Is criticism of Israeli settlement policy anti-Semitic? Israeli nationalists insist it is

Jun 6, 2022
Israel and Palestine flags on cracked wall

Calling out China for its persecution of Uighurs is not to be a Sinophobic racist. Calling out Myanmar for its crimes against Rohingya people is not to be anti-Buddhist. Calling out Saudi Arabia and Egypt for their murder and suppression of dissidents is not to be Islamophobic or anti-Arab. And calling out Israel for its sabotage of the two-state solution and creation of a de facto apartheid state is not to be anti-Semitic.

Michael Easson cut a lonely figure at the ALP conference in Sydney’s town hall, rising to the floor to voice his opposition to the first tilt by the ALP from Israel to Palestine. “The language was too loose,” was his complaint. But the 2014 conference went onto vote, without any other dissenting voice, to oppose Israel’s settlement policies and blocking of a two state solution. Both Left and Right combined behind this first ALP commitment to recognition of Palestine.

Since then every state branch has committed to recognition. It’s been endorsed three times by national conference and enshrined in the national platform (at Penny Wong’s insistence). Michael Easson and ally Michael Danby have lobbied against this language but even the Victorian Right has moved with what is now the party consensus: given the spread of settlements, recognise Palestine to save the two state solution, before it’s too late.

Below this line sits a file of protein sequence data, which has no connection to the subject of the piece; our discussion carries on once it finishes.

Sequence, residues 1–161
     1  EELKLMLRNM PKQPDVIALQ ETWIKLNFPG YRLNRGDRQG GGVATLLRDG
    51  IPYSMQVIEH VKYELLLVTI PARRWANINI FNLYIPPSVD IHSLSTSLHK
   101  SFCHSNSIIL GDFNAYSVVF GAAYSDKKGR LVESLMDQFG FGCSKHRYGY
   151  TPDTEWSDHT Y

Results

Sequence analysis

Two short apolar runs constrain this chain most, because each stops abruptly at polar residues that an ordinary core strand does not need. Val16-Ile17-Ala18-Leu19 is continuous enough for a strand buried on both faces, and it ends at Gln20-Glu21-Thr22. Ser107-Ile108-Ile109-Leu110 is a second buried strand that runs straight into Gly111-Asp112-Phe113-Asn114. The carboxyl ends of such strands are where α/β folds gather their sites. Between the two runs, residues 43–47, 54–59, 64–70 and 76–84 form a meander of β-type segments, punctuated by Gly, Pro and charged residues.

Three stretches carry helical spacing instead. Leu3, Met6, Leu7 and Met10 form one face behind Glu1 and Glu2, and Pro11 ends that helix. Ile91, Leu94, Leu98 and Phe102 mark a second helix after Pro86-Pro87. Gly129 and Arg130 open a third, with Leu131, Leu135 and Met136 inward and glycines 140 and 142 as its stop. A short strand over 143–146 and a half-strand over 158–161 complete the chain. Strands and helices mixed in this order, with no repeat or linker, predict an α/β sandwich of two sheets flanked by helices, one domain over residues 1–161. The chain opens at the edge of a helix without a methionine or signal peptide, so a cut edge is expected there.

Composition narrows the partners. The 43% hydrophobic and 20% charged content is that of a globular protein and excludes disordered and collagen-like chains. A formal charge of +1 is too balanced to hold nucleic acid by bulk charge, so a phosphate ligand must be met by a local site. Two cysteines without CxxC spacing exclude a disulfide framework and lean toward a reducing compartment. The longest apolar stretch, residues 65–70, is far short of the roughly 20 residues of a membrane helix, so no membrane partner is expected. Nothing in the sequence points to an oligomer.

This reflects a shift in the West, even in America. The most recent Pew poll shows that not only young and minority voters are pro-Palestinian but for the first time Democrats in general have more favourable views toward the Palestinian people than they do toward Israelis.

Easson dismisses recognition as something “advocated by Carr.” No, it is the platform policy of his party. National conference has recommitted to it three times and elevated it to the platform. Prime Minister Albanese has stuck to it, stating it’s a matter for his Labor government. During the election it was offered by the Executive Council of Australian Jewry as a reason for favouring the coalition.

Easson begins one sentence with these sinister words, “When people like Carr denigrate them as “the Jewish lobby,” “the Zionist lobby…” What? As numerous of your readers have pointed out, nowhere in my article did I use the language. I used the term “Israel lobby” because that’s what it is. And if anyone doubts its reach into newsrooms and its bullying of reporters and editors then they need to read John Lyon’s book. If Chris Mitchell, the longest serving editor of The Oz and a reliable right winger, says the lobby’s grown more rightist, then it pretty likely has.

If Michael wants to argue it doesn’t heavy politicians then he should talk to our mutual friend Kevin Rudd. Even to engage a clairvoyant and chat with Fraser and Hawke about their experiences with what is unabashedly a lobby and in fact the best funded foreign influence operation in Australian life.

He should consider that when Sky said Tony Burke and I were “borderline anti-Semitic” for supporting recognition of Palestine its on-air Trumpian was required to read out a comprehensive apology in the next program.

Gareth Evans, Labor’s longest serving Foreign Minister said it well: criticism of Israel is not anti-Semitism:

Calling out China for its persecution of Uighurs is not to be a Sinophobic racist. Calling out Myanmar for its crimes against Rohingya people is not to be anti-Buddhist. Calling out Saudi Arabia and Egypt for their murder and suppression of dissidents is not to be Islamophobic or anti-Arab. And calling out Israel for its sabotage of the two-state solution and creation of a de facto apartheid state is not to be anti-Semitic.